With a kiss on each cheek, D.C. and Paris are ready to make up

Times Staff Writer

Laurent Mellier remembers the dark days of 2003, when drivers would spot the French-flag sticker on his Honda and yell at him. Alain de Chalvron’s low point came when a movie audience erupted after a character mentioned France and people around him began shouting insults. For one French diplomat in Los Angeles, it was watching children dump bottles of French wine into the street outside the consulate.

“It was very insulting,” the diplomat said.

French expatriates here in the New World had a rough few years of it after France opposed the Iraq war. But with the election of President Nicolas Sarkozy this year, there is a sense of giddy relief -- tempered by a gentle Gallic cynicism -- that the tide has turned.

Sarkozy loads Elvis Presley onto his iPod, vacations in New Hampshire and happily embraces his nickname, Sarko l’Americain. More to the point, his policies closely align with those of the United States. In the Bush administration, there has been a collective swoon.


Sarkozy’s official visit to Washington, which begins Tuesday, is the first by a French head of state since 2001, the latest upswing in a centuries-old on-again, off-again relationship.

“The heated rhetoric of a few years ago was unhealthy and unnecessary,” said White House spokesman Gordon D. Johndroe, speaking of France under President Jacques Chirac, who visited the United States in 2001 and did not return to America. Sarkozy, Johndroe said, “wants to work closely with us, and we want to work with him.”

In the French diplomatic and cultural corridors of Washington, enthusiasm for the renewed affections is pronounced.

At the embassy, staff members are scurrying to meet the intricate security and protocol demands of a head-of-state visit. They have to arrange where and when Sarkozy will greet people, who gets to shake his hand, and the guest lists for events that are scheduled to the minute and include a black-tie dinner at the White House. They say the workload is made lighter by the sense that the Bush administration is also excited by the visit.


“We’ve got a new style in the presidency that has improved . . . relationsbetween the two countries” considerably, said French Embassy spokesman Emmanuel Lenain.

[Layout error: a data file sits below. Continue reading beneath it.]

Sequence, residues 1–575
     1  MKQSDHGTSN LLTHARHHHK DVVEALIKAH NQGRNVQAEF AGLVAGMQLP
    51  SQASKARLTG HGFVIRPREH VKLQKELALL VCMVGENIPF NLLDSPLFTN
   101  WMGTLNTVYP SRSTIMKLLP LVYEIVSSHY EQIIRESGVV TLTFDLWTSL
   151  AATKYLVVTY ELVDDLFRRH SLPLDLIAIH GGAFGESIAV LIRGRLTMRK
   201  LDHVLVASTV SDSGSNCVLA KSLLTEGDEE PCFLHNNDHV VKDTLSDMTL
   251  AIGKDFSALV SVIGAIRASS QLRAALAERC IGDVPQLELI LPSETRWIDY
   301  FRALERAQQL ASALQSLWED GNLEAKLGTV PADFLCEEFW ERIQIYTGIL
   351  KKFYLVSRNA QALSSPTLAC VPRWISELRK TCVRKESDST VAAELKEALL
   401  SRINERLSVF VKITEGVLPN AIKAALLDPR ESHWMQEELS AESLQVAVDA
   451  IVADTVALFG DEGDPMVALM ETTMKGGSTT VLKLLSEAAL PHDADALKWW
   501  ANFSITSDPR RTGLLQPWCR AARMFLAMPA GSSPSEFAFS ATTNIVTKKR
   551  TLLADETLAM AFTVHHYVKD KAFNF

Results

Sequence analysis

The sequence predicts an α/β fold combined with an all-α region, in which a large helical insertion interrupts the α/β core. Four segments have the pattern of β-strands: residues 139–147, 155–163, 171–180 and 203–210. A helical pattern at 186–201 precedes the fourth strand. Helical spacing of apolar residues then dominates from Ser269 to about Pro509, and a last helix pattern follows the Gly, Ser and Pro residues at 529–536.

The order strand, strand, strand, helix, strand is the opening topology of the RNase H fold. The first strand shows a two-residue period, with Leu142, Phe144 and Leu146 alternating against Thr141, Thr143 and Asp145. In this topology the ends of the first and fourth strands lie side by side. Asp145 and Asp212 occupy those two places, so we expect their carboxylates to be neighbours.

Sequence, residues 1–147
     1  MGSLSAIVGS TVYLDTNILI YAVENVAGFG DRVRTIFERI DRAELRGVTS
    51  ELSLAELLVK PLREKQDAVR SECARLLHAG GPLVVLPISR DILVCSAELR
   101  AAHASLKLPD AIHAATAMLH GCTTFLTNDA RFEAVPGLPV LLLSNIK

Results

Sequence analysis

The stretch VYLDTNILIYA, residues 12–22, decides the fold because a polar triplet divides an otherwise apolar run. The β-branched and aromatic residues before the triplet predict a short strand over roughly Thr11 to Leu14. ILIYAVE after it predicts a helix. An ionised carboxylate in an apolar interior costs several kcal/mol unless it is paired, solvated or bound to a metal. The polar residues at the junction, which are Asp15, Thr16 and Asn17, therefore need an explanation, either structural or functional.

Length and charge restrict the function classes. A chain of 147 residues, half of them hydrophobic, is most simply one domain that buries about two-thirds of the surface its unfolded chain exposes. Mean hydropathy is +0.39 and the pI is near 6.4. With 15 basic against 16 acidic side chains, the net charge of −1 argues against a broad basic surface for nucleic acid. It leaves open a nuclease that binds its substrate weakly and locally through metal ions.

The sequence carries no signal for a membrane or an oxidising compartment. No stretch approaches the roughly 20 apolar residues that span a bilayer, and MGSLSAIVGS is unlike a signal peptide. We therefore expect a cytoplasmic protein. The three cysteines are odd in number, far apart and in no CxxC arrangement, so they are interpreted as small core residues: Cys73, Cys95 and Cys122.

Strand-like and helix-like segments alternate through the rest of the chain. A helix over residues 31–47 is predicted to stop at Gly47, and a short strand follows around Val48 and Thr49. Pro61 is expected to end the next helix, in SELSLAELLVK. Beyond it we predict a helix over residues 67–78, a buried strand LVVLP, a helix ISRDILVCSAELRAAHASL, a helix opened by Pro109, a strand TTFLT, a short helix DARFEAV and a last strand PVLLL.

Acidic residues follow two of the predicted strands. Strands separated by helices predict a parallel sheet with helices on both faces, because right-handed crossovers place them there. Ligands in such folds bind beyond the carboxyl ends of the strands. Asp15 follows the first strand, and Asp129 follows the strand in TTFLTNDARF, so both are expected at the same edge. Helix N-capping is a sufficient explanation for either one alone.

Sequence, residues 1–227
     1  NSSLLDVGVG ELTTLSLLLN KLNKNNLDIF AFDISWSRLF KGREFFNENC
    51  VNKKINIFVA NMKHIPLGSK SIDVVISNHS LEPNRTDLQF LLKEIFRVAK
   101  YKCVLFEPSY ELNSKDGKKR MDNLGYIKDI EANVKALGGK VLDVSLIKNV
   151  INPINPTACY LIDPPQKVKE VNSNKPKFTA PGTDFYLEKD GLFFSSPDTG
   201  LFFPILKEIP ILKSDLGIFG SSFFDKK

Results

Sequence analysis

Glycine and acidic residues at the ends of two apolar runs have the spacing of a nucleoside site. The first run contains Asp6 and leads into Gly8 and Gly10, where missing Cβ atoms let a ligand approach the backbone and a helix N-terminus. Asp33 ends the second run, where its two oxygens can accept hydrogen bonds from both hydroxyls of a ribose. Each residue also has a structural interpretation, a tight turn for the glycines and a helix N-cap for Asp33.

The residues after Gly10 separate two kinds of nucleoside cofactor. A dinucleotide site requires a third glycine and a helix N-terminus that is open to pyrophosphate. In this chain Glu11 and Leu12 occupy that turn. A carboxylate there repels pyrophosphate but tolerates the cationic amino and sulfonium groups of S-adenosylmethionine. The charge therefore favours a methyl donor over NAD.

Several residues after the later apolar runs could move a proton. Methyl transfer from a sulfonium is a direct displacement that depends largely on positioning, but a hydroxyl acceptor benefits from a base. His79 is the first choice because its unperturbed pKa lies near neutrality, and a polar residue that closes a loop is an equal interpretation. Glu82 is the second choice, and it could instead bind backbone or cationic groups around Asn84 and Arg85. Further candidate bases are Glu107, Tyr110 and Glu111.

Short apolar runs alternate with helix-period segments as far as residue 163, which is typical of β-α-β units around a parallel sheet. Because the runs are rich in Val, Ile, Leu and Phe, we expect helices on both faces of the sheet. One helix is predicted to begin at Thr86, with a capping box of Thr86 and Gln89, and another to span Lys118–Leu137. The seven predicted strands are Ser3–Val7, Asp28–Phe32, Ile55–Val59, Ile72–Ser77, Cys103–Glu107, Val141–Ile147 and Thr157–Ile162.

Another embassy staffer, who was not authorized to speak to the press, spoke more bluntly on condition of anonymity: “It will be a lot of work, the logistics are heavy, but it will be fun. It’s a really, really nice feeling to stay in the press in a good way.”

Franco-U.S. relations began slipping after 2001 amid trade and climate-change disputes. With the advent of the Iraq war, relations hit bottom as Chirac railed against U.S. unilateralism.

In 2003, then-House Majority Whip Roy Blunt (R-Mo.) hit back: “Do you know how many Frenchmen it takes to defend Paris? It’s not known, it’s never been tried.” The chairman of the administration committee at the time, Bob Ney (R-Ohio), attacked culinarily, requiring the House cafeteria to dub its offerings “freedom fries” and “freedom toast.” The words “French” and “weasel” suddenly became synonyms on Fox News.

De Chalvron, the D.C. bureau chief for a French TV network, felt “resigned and sad,” especially because American reaction to the disagreement was so personal. “Here in America it was . . . ‘cowards’ and whatnot,” he said. “In France, it was about Bush and an illegitimate war.”

Time passed. The war in Iraq grew increasingly unpopular in the United States, the House cafeteria started selling French fries again, and France got a new face at the helm.

On Thursday, Blunt took to the House floor to urge colleagues to attend Sarkozy’s speech to Congress. “I hope we have the kind of presence here that would indicate our optimism about the Sarkozy government,” he said.

The change of heart -- mainly a Republican shift -- was spurred in large part by Sarkozy’s policy shifts. He has offered more French support on Iraq, in the form of economic aid, technical advice and diplomacy. In August, Sarkozy echoed President Bush in declaring a nuclear Iran “unacceptable.” Sarkozy has also indicated he might like France to take on a greater role in the North Atlantic Treaty Organization.


Bush, who had a chilly relationship with Chirac, has the added pleasure of meeting with a like-minded soul. Sarkozy loves long bike rides, avoids alcohol, and ran a campaign that stressed hard work, discipline and tax cuts. Sarkozy even has his own set of critics who say he relies too much on neo-conservatives for foreign policy advice.

“I think he’s the kind of president Americans can like,” said Mellier, the director of a French cultural center in Washington. He still sports a French-flag sticker on his car.

“The French-American relationship is very passionate,” Mellier said. “It’s either big love or big hate. Right now, we’re on the love side.”

Sarkozy arrives in Washington at 2 p.m. Tuesday and will catapult into a schedule designed to highlight the “love side.” After a French American business group meeting, a reception and a ceremony for American World War II veterans, he will attend the White House dinner.

On Wednesday, Sarkozy will meet with American Jewish groups, speak to Congress and sit down with the Congressional French Caucus, then go to Mount Vernon with Bush for a working lunch. Sarkozy, dubbed l’hyperpresident by the French media, will leave for France at 3:30 p.m., slightly more than 24 hours after he arrived. For the French expatriates awaiting his visit, excitement about Sarkozy’s trip is mitigated by a sense that in politics, as in life, love can be an ephemeral thing.

“For me,” said the unnamed Washington-based diplomat, “it’s almost too good to be true.”